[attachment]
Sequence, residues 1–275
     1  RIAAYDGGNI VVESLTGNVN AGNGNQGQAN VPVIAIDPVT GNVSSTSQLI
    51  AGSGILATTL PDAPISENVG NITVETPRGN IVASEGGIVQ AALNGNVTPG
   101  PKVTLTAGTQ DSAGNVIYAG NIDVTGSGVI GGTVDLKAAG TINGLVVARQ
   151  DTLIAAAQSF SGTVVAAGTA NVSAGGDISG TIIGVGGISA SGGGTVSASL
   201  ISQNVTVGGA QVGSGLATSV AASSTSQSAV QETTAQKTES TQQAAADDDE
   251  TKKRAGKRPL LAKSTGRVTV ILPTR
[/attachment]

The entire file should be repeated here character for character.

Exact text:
Sequence, residues 1–275
     1  RIAAYDGGNI VVESLTGNVN AGNGNQGQAN VPVIAIDPVT GNVSSTSQLI
    51  AGSGILATTL PDAPISENVG NITVETPRGN IVASEGGIVQ AALNGNVTPG
   101  PKVTLTAGTQ DSAGNVIYAG NIDVTGSGVI GGTVDLKAAG TINGLVVARQ
   151  DTLIAAAQSF SGTVVAAGTA NVSAGGDISG TIIGVGGISA SGGGTVSASL
   201  ISQNVTVGGA QVGSGLATSV AASSTSQSAV QETTAQKTES TQQAAADDDE
   251  TKKRAGKRPL LAKSTGRVTV ILPTR